Imagine you are this sailor and you are sailing from Boston or New York. How do you and the captain safely navigate the ship to California? How do you figure out which direction to steer your ship, especially when you can no longer see the shoreline? How do you locate the position of your ship ona nautical chart (map)? Skilled navigators helped to make safe travel by water possible, and as a result the maritime trades prospered.
With hundreds, if not thousands, of shipping vessels zig-zagging the planet’s oceans and sea floors full of surprising topography elements – navigation is an incredibly complex art. Far removed from the crude method adopted by vessels of yesteryear, placing a shipmate in the crow’s nest to spot upcoming obstacles and threats; modern cruise ships benefit from hugely sophisticated, advanced navigation systems.
Unsurprisingly, ship journeys are heavily regulated – due to the huge number of lives and cargo dependent upon safe and responsible operation. The International Maritime Organisation (IMO) places strict rules upon almost every aspect of shipping from the navigation to the structure of the vessels.
As one of the few computerised navigation systems which complies with all of the IMO’s strict policies and rulings, the Electronic Chart Display & Information System (ECDIS) is commonly found aboard large ships. Helping ships safely navigate, the ECDIS provides the ship’s continuous position as well as upcoming safety information.
Using electronic and digital navigation charts as well as a series of sensors located around the body of the vessel, ECDIS provides an accurate, as-live account of their position and surroundings. This eliminates the risk of misreading a map or losing the plotted route.
The ship’s navigator will then use ECDIS to plot a route between ports which offers safe passage. As ECDIS constantly provides the ship’s current position and surroundings; it allows the navigator to change course if circumstances change. The ability to quickly assess the situation and effectively plot an alternate route is central to the navigator’s responsibility of ensuring the ship stays safe at all times.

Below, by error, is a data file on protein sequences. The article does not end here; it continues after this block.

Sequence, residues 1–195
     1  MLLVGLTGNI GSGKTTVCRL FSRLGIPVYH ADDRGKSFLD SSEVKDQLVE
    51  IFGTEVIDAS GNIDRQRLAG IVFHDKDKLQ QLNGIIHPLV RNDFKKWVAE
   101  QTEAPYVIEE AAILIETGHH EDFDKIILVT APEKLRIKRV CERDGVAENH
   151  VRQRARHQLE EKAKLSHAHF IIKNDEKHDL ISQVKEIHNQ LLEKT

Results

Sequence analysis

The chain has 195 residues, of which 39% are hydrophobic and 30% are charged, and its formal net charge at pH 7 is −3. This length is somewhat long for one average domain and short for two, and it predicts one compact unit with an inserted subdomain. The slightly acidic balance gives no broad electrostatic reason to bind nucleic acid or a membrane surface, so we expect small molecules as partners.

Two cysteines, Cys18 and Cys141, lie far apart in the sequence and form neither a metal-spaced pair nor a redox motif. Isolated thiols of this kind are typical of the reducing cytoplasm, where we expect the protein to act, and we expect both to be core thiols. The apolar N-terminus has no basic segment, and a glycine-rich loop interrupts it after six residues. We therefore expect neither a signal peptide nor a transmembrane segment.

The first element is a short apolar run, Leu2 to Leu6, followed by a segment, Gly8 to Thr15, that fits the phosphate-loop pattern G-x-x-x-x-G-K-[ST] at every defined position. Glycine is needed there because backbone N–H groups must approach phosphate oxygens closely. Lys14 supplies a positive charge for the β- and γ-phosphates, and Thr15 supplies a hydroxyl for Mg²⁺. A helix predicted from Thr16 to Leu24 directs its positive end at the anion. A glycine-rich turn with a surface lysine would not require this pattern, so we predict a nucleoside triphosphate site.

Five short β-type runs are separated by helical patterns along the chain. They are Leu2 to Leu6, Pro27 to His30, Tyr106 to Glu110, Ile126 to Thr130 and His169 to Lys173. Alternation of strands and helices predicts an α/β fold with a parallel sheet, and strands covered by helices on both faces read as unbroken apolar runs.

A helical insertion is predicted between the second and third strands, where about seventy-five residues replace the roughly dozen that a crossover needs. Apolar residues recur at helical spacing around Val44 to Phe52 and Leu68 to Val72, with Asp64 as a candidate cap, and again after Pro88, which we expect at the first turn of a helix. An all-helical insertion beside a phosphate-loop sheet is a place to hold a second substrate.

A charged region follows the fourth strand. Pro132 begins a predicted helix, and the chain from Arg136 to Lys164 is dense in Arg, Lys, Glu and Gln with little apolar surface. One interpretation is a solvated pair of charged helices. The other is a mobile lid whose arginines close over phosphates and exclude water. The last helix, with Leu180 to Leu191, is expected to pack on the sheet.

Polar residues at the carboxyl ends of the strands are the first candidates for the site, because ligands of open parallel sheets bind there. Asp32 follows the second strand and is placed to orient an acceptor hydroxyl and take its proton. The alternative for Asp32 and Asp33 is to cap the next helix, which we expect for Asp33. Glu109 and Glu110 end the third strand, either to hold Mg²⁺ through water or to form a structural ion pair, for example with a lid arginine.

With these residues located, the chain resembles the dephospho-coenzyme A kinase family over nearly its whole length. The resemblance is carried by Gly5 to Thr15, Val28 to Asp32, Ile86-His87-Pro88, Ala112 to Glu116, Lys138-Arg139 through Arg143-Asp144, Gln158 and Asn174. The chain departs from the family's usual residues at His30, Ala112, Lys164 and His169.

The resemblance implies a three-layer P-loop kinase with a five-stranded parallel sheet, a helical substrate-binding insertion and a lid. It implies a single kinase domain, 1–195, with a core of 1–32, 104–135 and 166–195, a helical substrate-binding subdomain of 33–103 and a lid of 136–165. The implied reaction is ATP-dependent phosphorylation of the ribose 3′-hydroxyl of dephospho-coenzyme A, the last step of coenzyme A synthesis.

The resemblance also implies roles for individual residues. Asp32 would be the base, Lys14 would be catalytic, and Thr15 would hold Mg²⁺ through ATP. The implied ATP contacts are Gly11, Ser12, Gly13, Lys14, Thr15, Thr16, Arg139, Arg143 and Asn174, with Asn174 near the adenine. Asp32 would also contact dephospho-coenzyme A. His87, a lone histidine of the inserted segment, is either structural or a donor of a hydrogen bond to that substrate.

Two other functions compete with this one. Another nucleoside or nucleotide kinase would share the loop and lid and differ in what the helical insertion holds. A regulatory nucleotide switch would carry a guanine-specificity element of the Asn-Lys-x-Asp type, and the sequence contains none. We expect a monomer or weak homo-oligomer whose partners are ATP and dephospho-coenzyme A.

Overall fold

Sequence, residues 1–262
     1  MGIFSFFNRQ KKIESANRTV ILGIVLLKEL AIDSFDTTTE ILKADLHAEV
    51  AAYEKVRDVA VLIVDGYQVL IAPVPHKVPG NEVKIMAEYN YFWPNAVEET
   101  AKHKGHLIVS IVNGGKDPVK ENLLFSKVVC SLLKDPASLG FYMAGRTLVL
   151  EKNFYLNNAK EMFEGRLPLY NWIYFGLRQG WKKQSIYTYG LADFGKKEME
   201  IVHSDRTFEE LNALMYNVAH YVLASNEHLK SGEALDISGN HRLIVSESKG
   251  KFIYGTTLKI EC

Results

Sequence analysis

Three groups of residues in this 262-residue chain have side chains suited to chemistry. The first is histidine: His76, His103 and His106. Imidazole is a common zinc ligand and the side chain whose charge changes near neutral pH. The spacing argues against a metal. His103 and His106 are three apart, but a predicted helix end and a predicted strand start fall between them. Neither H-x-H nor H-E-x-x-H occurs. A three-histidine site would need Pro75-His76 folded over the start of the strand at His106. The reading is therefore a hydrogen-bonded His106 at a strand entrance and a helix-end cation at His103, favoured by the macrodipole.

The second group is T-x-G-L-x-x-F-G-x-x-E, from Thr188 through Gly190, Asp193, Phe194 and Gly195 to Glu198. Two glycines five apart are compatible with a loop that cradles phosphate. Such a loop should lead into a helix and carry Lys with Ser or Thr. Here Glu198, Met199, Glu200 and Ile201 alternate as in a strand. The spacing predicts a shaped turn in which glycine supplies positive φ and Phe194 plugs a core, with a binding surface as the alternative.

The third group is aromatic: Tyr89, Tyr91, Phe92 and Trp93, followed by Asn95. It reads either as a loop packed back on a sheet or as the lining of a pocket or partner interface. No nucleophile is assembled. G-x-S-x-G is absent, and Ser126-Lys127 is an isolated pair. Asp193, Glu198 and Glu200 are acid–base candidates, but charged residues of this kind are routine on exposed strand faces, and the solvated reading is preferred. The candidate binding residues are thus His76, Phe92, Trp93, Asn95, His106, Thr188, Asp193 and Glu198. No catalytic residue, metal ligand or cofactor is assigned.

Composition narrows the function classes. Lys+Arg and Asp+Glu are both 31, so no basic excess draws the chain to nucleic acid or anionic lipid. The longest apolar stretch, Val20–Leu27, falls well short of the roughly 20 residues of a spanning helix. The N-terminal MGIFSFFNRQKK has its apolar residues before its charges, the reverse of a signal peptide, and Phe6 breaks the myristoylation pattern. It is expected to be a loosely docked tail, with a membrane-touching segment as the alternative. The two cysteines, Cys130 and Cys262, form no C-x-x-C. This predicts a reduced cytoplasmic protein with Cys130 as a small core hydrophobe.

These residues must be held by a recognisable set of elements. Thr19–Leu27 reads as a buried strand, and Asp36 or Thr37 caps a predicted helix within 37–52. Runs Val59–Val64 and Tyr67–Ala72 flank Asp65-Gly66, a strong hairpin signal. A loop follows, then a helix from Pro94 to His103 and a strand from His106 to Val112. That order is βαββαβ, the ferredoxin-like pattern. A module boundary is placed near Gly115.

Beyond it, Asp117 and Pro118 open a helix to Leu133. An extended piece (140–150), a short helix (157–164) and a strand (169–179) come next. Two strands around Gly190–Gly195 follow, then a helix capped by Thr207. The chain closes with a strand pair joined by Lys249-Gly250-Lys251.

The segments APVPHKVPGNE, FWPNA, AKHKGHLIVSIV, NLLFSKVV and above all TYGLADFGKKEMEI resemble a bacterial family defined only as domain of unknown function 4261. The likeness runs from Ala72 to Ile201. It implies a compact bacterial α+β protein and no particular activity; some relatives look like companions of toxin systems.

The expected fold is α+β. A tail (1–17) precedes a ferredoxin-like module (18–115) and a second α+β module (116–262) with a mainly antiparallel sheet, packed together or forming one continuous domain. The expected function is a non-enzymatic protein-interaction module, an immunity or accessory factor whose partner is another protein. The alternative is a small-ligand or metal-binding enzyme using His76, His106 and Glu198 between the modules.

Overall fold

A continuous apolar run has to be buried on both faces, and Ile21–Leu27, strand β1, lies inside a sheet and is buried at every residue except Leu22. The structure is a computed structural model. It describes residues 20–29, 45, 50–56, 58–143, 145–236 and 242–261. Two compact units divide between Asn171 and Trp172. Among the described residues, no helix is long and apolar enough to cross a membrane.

The ECDIS system has significantly improved on-board safety of vessels – minimising the risk of accidents occurring, and reducing the risk of human error being costly. Providing the navigators with the opportunity to accurately plot routes across the oceans based upon approaching lands, underwater threats or oncoming ships; ECDIS can dramatically reduce the risk of any collision.
Sensors fitted aboard the ships have been carefully placed to provide a comprehensive insight into the movement of the ship – which helps navigators judge suitable turning rates, allowable drafts and other manoeuvrability factors.
Additionally, any ship with ECDIS fitted will be able to send out more effective, up-to-date and accurate distress signals if they do encounter danger. This will allow any nearby ships to quickly alter their route (using ECDIS to stay safe) and offer any necessary assistance and aide to the affected ship.
Most modern navigation relies primarily on positions determined electronically by receivers collecting information from satellites. Most other modern techniques rely on crossing lines of position or LOP. A line of position can refer to two different things, either a line on a chart or a line between the observer and an object in real life.
With modern day facilities and automation, a ship today has several advanced navigation equipment systems which give accurate data for the voyage. Besides, various types of ship flags with different colors and signs are used to indicate a ship’s position. Signal flags are they are commonly known, have been used since the ancient times and are still used on all vessels.
Methods of navigation have changed through history. Each new method has enhanced the mariner’s ability to complete his voyage in a safe and effective way.
Sea News Feature, November 16